Encyclopedia of Gerontology and Population Aging

Living Edition
| Editors: Danan Gu, Matthew E. Dupre

Age Group Dissociation

  • David WeissEmail author
Living reference work entry
DOI: https://doi.org/10.1007/978-3-319-69892-2_93-1

Definition and Overview

Negative views of aging can have detrimental effect on older adults’ self-concept, cognitive performance, well-being, and health (Levy 2009; Wurm et al. 2017). However, older adults are motivated to counteract negative age stereotypes and engage in self-protective behavior. Age-group dissociation is defined as the “tendency to put psychological distance between oneself and similarly aged people” (see Weiss and Lang 2012, p. 154).

Key Research Findings

There is considerable evidence demonstrating that when confronted with negative age stereotypes, older adults increase psychological distance between themselves and older people. Studies across a variety of countries and cohorts show that older adults often perceive their age peers as being “old” but themselves as much “younger” (Stephan et al. 2015) and consider themselves to be an exception rather than a typical member of older people (Weiss and Lang, 2009; Weiss and Freund 2012). More specifically, experimental studies demonstrate that when negative age stereotypes were activated, older adults tended to disidentify with the group of older adults and reported to feel significantly younger than their chronological age (Weiss and Lang 2012). In addition, another set of studies showed that in the face of negative age stereotypes, older adults subsequently (a) directed their gaze away from photographs of older adults and (b) indicated to feel more similar to middle-aged adults that were shown in photographs (Weiss and Freund, 2012). Recently, research has replicated and extended the effects on age-group dissociation in longitudinal and cross-cultural samples (Hess et al. 2017; Armenta et al. 2018).

For example, these studies show that negative age stereotypes elicit patterns of distancing among adults across different stereotype domains (e.g., health, work) and as a function of transitioning into later adulthood (Kornadt et al. 2016). Age-group dissociation is linked to better well-being, health, and cognitive performance in older adults. Those older adults who report younger subjective ages and disidentify with older people (“low identifiers”) show higher levels of psychological well-being, are more open-minded, and feel that they have more time left in life (Weiss and Lang 2009, 2012; Canada et al. 2013). There is also evidence that age-group dissociation represents a self-protective strategy in coping with negative age stereotypes. For example, studies show that the detrimental impact of negative age stereotypes on self-esteem, well-being, or cognitive performance could be prevented when older adults showed age group dissociation (O’Brien and Hummert 2006; Kang and Chasteen 2009; Weiss et al. 2013; Armenta et al. 2018). However, age-group dissociation could also entail negative consequences as it represents a purely individualistic attempt to repel negative age stereotypes and, thus, may perpetuate ageism and further legitimize and reinforce negative age stereotypes in society.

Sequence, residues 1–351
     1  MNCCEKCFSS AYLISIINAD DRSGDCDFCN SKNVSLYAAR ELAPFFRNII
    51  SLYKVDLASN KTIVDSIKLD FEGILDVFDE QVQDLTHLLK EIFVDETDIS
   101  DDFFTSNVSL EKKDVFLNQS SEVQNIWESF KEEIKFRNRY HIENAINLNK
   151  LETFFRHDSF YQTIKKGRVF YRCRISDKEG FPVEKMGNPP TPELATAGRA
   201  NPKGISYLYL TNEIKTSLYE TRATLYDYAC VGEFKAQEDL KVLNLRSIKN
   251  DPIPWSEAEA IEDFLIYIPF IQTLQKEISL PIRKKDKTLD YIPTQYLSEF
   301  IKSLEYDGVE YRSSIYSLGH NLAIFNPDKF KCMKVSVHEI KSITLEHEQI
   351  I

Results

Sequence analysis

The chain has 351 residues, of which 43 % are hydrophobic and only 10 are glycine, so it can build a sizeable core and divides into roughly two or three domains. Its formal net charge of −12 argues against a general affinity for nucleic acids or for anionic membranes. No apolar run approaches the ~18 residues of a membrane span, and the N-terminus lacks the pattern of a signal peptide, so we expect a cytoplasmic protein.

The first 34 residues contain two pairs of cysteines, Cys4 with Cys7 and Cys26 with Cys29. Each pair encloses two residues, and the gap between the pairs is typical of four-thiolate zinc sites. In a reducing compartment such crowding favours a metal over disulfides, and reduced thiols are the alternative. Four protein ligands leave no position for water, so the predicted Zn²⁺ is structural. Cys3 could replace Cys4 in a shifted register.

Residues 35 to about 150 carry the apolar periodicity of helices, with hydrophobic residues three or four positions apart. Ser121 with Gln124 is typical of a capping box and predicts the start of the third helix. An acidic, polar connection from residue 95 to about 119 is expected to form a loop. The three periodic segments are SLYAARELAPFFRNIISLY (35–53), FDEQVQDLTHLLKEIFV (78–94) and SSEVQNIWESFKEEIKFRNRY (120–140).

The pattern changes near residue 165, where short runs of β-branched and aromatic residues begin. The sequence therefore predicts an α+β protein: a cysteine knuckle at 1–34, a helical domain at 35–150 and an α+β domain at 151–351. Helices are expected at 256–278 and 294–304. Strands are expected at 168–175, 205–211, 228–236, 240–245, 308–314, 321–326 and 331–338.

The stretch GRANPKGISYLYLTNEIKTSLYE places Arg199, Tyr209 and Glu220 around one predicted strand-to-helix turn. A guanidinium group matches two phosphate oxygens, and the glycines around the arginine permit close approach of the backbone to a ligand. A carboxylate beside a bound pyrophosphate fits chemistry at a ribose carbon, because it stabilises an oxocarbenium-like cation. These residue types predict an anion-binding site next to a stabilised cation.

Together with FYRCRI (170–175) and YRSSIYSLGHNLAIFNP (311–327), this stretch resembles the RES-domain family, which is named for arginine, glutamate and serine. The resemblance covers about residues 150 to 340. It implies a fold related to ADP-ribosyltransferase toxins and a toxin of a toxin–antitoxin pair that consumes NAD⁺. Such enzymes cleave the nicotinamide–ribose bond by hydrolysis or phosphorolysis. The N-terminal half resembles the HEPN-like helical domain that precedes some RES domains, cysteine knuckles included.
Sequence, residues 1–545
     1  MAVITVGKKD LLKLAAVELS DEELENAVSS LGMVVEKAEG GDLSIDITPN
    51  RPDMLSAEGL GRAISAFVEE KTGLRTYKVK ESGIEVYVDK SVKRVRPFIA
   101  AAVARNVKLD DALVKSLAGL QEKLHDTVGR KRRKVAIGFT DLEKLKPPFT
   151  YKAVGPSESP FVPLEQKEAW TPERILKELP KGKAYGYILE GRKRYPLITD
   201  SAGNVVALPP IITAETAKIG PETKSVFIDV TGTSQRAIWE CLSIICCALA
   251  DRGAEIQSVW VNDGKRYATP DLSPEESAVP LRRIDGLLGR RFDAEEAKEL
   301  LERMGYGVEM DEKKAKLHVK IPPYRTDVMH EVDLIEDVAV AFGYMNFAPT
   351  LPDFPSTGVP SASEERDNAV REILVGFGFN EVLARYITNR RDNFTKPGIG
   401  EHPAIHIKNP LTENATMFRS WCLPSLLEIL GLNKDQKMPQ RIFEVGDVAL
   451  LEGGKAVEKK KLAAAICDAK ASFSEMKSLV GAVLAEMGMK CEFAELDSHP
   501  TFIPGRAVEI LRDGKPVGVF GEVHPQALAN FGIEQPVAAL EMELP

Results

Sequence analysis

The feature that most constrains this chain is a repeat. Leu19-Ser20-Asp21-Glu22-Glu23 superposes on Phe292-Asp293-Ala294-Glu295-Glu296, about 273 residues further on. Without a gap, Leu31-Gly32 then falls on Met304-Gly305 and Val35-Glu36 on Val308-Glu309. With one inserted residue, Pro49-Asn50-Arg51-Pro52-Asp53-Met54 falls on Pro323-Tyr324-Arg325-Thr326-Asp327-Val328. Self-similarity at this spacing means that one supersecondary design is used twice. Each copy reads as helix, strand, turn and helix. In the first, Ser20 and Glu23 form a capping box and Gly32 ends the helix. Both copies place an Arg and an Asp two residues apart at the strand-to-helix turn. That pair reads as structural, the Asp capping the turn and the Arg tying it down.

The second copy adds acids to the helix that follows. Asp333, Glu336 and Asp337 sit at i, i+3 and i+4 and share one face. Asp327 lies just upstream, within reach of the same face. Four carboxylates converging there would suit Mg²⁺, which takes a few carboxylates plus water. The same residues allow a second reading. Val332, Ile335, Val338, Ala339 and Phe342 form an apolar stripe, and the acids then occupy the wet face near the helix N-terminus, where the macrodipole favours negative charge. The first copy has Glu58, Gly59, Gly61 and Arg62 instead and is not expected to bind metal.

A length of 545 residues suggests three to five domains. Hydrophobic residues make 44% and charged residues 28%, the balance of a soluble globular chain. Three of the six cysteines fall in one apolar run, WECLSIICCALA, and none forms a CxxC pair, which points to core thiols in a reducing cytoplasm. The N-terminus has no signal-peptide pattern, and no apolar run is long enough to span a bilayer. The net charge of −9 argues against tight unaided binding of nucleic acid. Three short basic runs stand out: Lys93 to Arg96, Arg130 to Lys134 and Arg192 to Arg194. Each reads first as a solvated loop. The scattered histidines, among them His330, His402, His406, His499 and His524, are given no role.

Future Directions for Research

Future research needs to further address the fundamental psychological role of age-group dissociation in the aging process to shed more light on its antecedents, consequences, and boundary conditions. One open question is, when and why older adults internalize (i.e., engage in self-stereotyping and assimilate their self-views and behavior; Levy 2009) or dissociate from (contrast their self-views and behavior) negative age stereotypes. Weiss and Kornadt (2018) recently proposed an integrated model of age Stereotype Internalization and Dissociation (SIDI) that specifies contextual (e.g., stereotype context and structure) and individual (i.e., self-relevance, essentialist beliefs about aging) factors that elicit either age stereotype internalization or dissociation.


As people grow older, they tend to distance and dissociate themselves from their age (feeling younger than their actual age) and their age peers (disidentifying from older people).

Empirical evidence suggests that this is a response to negative old age stereotypes portraying old age as unfavorable and undesirable. Studies also show that age-group dissociation can mitigate and counteract the detrimental consequences of negative age stereotypes.



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Copyright information

© Springer Nature Switzerland AG 2019

Authors and Affiliations

  1. 1.Institute of PsychologyLeipzig UniversityLeipzigGermany

Section editors and affiliations

  • Susanne Wurm
    • 1
  • Anna E. Kornadt
    • 2
  1. 1.Institute of PsychogerontologyFriedrich-Alexander-Universität Erlangen-NürnbergNürnbergGermany
  2. 2.Bielefeld UniversityBielefeldGermany